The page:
Fortidue Re is obligated to invest $6 billion in Carlyle funds, which places it at risk for capital calls, in addition to management fees and dividend bleeding. 

Carlyle's cash mining sank nursing home giant ManorCare and refinery Philadelphia Energy Solutions, which went up in a giant fireball.   What harm can Carlyle do should it default on Fortitude Re?

Update 7-8-20:  KKR will buy life insurer Global Atlantic for book value, $4.4 billion.  "The buyout group is using its own balance sheet to fund the deal, which will boost KKR's assets under management by a third, to $279bn."  How much did liabilities under management increase with the deal?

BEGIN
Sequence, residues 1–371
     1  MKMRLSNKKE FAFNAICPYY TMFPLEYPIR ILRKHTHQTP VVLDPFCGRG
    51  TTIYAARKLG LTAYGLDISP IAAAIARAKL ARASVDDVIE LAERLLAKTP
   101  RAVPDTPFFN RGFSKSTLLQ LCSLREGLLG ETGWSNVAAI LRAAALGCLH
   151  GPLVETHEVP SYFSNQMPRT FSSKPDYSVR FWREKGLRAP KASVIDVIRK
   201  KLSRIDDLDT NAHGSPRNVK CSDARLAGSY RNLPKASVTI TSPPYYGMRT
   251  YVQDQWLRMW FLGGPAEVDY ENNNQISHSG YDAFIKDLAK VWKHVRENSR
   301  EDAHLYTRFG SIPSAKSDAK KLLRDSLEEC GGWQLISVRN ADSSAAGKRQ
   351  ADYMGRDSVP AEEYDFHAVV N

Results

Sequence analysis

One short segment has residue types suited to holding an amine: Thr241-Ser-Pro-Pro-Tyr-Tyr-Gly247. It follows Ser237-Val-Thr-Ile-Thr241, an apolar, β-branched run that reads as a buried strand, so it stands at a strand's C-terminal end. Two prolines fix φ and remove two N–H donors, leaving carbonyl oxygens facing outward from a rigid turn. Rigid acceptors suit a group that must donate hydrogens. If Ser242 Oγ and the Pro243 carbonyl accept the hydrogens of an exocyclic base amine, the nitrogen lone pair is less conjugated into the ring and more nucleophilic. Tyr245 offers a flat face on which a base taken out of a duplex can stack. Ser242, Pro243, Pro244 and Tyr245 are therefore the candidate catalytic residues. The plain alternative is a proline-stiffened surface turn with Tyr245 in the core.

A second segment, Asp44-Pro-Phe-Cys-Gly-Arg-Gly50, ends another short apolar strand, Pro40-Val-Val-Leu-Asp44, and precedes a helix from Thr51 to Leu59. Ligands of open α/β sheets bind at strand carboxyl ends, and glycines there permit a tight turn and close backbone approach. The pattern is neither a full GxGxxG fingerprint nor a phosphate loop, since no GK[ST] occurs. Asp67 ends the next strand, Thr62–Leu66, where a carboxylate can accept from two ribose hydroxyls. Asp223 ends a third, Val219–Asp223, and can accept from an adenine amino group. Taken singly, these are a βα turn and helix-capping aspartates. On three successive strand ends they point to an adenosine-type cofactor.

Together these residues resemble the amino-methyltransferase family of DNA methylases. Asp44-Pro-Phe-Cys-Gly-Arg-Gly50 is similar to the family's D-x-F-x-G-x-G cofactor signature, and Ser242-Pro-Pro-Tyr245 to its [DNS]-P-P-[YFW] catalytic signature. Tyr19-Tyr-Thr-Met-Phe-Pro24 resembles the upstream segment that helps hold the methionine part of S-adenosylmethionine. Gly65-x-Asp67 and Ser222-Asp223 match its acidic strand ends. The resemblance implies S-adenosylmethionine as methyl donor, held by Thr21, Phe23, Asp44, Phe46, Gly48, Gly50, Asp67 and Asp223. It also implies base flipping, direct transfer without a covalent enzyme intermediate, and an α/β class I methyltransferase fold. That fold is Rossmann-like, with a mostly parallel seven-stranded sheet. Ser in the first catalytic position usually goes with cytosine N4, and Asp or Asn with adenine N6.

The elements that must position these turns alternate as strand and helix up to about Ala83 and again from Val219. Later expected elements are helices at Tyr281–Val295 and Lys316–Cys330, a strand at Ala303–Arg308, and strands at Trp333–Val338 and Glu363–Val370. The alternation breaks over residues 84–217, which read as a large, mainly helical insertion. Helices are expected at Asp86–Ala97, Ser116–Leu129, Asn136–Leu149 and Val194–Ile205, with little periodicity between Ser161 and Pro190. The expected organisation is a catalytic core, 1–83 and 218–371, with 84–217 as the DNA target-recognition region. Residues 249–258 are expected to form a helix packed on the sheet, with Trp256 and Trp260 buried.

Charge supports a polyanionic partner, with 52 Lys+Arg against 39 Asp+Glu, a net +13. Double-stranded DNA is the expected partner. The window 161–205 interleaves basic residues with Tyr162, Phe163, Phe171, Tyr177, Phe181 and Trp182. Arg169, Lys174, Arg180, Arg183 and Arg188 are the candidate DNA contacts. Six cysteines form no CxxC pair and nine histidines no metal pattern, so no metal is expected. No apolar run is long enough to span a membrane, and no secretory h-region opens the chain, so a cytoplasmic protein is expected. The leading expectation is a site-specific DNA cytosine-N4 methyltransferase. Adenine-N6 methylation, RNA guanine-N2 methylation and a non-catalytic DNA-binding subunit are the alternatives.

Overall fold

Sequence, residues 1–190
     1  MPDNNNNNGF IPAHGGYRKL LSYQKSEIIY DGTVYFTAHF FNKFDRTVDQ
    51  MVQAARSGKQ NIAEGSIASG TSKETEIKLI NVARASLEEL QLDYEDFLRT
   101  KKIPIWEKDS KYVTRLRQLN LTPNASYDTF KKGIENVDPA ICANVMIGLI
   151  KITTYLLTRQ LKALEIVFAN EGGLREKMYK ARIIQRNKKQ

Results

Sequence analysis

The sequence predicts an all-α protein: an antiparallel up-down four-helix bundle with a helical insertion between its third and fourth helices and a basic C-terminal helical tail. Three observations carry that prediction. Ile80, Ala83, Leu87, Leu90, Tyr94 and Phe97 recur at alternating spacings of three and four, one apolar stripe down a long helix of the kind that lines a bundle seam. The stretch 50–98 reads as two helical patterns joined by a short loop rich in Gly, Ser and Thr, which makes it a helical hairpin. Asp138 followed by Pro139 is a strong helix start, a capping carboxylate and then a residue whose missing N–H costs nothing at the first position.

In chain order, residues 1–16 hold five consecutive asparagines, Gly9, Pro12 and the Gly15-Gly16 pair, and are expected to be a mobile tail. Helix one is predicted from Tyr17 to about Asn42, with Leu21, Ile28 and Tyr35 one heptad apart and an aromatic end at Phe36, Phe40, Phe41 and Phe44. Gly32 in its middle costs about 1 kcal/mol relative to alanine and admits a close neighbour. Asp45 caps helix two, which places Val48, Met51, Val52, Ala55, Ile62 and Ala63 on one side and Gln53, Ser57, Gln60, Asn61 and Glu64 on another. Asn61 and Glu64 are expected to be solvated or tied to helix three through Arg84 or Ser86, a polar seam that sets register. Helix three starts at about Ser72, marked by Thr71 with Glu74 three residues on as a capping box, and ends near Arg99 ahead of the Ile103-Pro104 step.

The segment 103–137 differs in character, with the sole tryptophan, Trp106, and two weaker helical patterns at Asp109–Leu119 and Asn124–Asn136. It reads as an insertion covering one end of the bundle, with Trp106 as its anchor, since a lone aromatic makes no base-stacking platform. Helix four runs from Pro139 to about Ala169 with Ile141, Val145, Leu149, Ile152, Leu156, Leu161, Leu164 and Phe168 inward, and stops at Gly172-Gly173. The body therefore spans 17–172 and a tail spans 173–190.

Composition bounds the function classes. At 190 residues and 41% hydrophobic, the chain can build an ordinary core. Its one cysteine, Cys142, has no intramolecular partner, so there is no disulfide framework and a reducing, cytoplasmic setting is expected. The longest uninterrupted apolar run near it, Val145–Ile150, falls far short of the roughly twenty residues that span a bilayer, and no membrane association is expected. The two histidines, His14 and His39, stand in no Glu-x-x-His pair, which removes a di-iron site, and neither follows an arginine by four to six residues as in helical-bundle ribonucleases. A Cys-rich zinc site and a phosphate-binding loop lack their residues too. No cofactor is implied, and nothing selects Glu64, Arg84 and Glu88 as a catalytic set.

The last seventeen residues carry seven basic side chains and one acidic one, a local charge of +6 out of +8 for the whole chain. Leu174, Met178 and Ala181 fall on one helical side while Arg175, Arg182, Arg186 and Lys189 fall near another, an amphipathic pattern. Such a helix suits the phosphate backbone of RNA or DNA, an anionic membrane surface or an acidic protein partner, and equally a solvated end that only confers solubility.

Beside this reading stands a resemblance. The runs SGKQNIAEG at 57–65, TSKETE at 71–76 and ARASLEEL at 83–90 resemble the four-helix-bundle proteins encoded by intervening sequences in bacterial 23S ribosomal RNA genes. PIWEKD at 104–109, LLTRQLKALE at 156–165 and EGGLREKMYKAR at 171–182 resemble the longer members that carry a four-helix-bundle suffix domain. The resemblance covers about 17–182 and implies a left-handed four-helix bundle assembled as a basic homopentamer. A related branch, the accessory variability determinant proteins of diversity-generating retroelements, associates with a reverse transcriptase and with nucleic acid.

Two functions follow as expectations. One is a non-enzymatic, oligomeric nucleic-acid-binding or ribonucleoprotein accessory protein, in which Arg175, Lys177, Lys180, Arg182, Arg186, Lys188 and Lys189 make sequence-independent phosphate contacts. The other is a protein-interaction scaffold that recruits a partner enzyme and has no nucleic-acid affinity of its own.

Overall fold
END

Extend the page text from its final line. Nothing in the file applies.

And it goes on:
Update 11-20-20:  Carlyle informed investors of their ability to put Fortitude Re funds into Carlyle products. 

Update 8-31-21:  The greed and leverage boys continue their widespread investment in insurance companies.

Update 9-27-21:  ZeroHedge and WSJ noticed the pattern of PEU's buying life insurance portfolios.

Update 6-29-23: Investor Kirk Simon called out the PEU boys buying insurance companies and steering insurance reserves into their PEU offerings.

The whole private equity thing of buying up life insurance companies then investing the premiums just seems a bit sketchy.

I'll shorten it to the whole private equity thing seems a bit sketchy.